BURDEN OF GRIEF – Unchained
- by Matt Coe
- Posted on 29-08-2014
Is it acceptable for a German act mainly known for melodic death metal to advance their style into sub-genres like thrash and classic rock? Burden of Grief believe so on their 6th album "Unchained". Injecting enough variety in terms of the riff choices, tempos, and even manner of aggression to create everything from a modern groove stomper like the title track (the twin guitar harmonies envelope the Soilwork meets Machine Head feel) on through to straight forward classic throwback material complete with cowbell accents on "Fearless Heart".
Producer Dan Swanö gives the quintet a potent, in your face sonic outlook – allowing the heaviness and quiet parts to shine equally, as vocalist Mike Huhmann displays many facets of rage, aggression, and despair depending on the feel of a given track. Whether the guitars churn slower as the steady double bass carries the load on "The Final Chapter" or you hear an opening melody like that takes "Wasted Years" to another dimension on "Black Evolution 666", Burden of Grief willingly explore outer limit terrain, which takes their melodic thrash/death platform beyond conventional Scandinavian lines.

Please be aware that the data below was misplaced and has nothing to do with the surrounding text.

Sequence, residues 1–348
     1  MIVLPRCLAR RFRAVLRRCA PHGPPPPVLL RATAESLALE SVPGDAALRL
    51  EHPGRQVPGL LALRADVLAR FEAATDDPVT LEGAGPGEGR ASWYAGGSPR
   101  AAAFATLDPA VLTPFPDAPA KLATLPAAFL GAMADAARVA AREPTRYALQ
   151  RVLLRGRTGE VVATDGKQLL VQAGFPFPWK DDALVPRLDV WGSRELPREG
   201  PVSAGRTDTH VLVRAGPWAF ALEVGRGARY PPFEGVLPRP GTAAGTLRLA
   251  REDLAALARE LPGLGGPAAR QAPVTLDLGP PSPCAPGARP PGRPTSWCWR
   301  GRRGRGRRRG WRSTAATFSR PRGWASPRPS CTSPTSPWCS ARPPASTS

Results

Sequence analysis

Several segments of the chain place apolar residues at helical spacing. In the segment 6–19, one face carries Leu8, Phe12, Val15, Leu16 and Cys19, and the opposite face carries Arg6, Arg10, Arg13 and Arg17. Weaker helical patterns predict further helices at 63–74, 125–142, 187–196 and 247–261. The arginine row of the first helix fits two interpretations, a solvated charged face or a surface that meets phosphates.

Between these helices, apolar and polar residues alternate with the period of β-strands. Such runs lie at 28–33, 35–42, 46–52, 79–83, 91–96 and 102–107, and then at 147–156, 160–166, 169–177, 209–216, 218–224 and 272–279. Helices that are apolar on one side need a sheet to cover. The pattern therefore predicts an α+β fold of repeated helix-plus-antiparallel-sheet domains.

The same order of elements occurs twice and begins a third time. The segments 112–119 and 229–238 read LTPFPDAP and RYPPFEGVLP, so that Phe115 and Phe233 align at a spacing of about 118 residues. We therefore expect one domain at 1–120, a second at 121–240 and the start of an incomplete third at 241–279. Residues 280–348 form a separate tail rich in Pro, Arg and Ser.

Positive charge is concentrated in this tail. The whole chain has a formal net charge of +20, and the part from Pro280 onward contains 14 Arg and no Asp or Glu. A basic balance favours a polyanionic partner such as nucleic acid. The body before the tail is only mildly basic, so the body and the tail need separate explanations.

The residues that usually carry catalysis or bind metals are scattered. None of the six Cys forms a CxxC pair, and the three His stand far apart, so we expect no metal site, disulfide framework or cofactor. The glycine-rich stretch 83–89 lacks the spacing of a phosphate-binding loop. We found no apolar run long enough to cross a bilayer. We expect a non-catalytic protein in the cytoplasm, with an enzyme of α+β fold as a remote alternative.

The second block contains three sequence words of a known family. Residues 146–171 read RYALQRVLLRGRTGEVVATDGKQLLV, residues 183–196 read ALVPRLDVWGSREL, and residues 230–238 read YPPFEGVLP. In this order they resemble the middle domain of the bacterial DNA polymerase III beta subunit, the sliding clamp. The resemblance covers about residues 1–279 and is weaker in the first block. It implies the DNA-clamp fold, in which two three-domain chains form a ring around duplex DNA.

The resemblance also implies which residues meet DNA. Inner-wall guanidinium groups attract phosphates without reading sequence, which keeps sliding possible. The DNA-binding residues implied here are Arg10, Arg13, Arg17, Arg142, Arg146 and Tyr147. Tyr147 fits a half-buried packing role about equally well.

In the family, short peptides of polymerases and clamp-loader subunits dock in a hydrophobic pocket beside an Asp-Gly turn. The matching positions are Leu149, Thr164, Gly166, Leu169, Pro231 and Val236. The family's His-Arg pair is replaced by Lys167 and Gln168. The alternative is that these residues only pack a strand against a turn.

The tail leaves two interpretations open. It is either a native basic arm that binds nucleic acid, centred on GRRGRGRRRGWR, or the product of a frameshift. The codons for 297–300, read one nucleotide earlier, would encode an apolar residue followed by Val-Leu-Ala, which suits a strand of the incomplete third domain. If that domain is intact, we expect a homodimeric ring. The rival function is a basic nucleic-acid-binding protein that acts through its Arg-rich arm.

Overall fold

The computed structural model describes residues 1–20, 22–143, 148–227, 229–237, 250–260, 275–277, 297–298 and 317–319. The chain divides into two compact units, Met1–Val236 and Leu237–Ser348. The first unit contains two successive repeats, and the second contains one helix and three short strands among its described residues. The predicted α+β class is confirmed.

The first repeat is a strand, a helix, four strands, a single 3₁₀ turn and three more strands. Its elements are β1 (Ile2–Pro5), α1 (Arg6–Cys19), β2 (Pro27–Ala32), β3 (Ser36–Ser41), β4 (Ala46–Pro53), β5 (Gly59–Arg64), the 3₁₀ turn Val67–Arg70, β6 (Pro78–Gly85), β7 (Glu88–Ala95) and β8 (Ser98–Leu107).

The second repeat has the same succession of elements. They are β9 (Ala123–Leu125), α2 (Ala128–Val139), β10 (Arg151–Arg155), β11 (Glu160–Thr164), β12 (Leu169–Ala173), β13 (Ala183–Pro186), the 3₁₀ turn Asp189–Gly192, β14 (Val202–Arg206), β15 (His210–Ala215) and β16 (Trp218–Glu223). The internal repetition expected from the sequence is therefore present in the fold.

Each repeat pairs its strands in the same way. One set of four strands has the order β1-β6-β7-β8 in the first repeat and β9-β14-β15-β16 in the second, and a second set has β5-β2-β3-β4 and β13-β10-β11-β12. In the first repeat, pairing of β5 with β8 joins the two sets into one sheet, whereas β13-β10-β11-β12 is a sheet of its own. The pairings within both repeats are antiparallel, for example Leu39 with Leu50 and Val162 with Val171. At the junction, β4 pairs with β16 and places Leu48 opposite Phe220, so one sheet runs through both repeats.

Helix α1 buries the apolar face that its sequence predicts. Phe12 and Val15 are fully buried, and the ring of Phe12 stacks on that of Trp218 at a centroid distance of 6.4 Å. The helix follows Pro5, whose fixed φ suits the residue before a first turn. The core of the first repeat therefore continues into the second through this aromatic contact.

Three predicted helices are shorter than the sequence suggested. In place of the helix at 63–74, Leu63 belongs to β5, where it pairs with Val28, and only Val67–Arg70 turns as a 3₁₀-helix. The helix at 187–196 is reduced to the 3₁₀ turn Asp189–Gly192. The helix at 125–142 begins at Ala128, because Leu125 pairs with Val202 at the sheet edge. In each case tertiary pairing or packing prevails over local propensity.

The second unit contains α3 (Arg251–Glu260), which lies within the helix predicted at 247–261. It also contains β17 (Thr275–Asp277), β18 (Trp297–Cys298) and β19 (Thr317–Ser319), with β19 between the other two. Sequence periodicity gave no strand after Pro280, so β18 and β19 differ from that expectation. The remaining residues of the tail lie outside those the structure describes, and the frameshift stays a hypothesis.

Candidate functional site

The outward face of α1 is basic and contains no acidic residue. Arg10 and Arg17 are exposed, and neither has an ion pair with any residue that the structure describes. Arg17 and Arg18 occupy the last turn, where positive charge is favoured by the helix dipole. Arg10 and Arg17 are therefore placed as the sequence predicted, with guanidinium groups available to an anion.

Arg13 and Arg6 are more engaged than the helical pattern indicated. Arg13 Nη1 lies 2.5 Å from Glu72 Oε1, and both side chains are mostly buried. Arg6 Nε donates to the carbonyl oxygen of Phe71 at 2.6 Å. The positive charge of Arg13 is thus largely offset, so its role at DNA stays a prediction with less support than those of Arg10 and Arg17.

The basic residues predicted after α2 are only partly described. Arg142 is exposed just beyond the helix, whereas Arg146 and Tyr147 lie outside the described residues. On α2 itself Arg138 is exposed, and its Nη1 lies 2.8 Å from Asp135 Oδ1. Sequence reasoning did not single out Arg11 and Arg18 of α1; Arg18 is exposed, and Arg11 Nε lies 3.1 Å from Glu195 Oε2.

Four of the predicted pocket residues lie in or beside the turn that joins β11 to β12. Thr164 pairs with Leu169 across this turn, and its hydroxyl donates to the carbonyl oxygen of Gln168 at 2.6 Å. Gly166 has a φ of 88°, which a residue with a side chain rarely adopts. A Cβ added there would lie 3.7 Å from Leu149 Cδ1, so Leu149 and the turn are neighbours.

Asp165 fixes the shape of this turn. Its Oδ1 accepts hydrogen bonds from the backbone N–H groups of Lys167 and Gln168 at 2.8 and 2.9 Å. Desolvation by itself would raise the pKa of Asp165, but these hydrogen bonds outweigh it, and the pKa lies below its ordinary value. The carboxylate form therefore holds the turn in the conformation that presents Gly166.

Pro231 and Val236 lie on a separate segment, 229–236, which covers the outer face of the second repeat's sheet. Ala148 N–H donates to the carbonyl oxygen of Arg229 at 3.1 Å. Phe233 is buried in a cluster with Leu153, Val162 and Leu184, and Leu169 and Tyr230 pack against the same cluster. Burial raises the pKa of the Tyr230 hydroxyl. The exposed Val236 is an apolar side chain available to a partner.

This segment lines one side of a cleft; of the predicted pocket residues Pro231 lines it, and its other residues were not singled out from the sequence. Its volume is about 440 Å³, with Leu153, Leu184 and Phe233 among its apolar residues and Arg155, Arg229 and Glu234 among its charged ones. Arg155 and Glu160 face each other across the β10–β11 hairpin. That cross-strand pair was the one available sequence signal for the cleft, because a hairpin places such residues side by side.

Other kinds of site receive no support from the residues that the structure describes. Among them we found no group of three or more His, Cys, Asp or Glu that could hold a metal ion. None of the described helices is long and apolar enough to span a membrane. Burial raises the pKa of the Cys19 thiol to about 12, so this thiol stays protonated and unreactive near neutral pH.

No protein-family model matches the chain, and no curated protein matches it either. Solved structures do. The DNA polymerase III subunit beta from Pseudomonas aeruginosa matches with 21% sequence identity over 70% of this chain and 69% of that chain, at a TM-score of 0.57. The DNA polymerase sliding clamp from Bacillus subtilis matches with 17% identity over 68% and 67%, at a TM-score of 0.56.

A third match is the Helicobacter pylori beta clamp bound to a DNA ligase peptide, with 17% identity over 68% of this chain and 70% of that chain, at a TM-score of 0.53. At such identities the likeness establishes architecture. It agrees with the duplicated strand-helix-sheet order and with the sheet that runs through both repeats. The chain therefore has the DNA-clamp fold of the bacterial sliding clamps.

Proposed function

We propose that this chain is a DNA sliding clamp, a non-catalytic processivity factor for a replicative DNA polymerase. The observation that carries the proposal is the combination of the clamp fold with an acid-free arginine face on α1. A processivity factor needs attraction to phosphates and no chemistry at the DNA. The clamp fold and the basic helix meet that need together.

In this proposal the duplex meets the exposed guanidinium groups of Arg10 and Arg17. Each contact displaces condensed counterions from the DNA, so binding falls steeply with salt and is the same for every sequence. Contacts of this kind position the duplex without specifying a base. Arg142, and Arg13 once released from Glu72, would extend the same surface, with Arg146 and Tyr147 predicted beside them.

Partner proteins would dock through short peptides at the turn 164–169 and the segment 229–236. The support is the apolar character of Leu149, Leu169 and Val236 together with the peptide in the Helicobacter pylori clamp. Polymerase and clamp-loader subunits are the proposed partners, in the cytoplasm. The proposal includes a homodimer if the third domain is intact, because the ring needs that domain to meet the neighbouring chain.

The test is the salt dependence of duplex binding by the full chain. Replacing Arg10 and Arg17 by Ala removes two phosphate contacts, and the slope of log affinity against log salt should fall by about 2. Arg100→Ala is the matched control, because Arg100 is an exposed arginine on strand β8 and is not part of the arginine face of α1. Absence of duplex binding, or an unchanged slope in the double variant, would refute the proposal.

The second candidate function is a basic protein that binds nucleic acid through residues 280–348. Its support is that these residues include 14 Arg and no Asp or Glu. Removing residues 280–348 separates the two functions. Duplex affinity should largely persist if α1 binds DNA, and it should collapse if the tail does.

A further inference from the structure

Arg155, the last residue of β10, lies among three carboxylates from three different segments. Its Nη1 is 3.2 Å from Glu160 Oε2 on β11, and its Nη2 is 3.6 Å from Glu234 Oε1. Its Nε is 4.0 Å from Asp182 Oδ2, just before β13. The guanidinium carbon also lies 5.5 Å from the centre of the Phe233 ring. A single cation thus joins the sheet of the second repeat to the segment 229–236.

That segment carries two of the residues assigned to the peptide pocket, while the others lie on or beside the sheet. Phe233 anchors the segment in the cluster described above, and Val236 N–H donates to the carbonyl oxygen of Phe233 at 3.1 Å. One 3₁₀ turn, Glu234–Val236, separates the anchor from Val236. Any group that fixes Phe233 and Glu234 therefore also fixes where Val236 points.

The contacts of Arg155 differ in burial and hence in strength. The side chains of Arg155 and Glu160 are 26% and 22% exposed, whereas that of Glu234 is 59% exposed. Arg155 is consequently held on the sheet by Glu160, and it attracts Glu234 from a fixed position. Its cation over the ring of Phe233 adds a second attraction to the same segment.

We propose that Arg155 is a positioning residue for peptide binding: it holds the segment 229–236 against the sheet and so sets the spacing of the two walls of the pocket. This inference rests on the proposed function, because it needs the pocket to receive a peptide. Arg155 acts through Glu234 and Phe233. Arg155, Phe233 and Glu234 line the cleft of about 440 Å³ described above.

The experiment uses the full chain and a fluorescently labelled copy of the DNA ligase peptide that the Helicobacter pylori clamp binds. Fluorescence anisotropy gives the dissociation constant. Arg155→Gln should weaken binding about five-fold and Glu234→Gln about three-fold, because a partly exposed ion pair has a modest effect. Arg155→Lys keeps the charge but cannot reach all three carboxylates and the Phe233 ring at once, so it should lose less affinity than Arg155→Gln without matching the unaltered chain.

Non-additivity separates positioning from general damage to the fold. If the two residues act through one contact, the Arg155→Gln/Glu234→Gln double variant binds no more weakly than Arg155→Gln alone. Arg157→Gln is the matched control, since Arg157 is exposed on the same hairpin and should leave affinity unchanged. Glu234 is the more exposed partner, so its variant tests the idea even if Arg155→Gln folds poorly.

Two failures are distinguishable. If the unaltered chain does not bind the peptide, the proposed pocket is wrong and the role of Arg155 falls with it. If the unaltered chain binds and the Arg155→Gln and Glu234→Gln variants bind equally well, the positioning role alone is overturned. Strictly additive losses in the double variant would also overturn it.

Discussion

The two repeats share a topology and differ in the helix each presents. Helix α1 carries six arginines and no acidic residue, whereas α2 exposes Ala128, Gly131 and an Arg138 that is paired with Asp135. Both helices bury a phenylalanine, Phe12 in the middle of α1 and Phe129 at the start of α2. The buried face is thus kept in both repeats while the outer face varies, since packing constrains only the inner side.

"Unchained" works well for my tastes because too many bands try to be the fastest, most intricate, or most extreme to shock and awe their audiences. Burden of Grief prefer to just let the music do the talking – smoothly putting together songs like "Your Heaven Is Gone" or "Awaken the Nightmare" (the latter featuring beautiful acoustic and electric instrumental runs) that create excitement and stay in the deep recesses of your brain weeks, months, and years later.
The digipack version contains 2 bonus tracks, one of which is their interpretation of "Neon Knights" from Black Sabbath. As great as the four musicians handle the harmonies and thick riffs, Mike’s sandpaper growls are amiss on this classic – as it’s tough to beat Ronnie James Dio soaring vocals. Probably the best studio album to date from this group – one that the underground can hold high.